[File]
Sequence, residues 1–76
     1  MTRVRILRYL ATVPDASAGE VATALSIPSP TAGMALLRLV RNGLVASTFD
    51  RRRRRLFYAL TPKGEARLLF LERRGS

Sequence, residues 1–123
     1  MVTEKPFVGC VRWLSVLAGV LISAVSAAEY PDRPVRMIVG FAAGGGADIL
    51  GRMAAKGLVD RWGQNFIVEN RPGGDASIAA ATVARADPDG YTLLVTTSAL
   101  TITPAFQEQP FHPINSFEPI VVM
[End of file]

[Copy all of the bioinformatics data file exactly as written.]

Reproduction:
Sequence, residues 1–76
     1  MTRVRILRYL ATVPDASAGE VATALSIPSP TAGMALLRLV RNGLVASTFD
    51  RRRRRLFYAL TPKGEARLLF LERRGS

Sequence, residues 1–123
     1  MVTEKPFVGC VRWLSVLAGV LISAVSAAEY PDRPVRMIVG FAAGGGADIL
    51  GRMAAKGLVD RWGQNFIVEN RPGGDASIAA ATVARADPDG YTLLVTTSAL
   101  TITPAFQEQP FHPINSFEPI VVM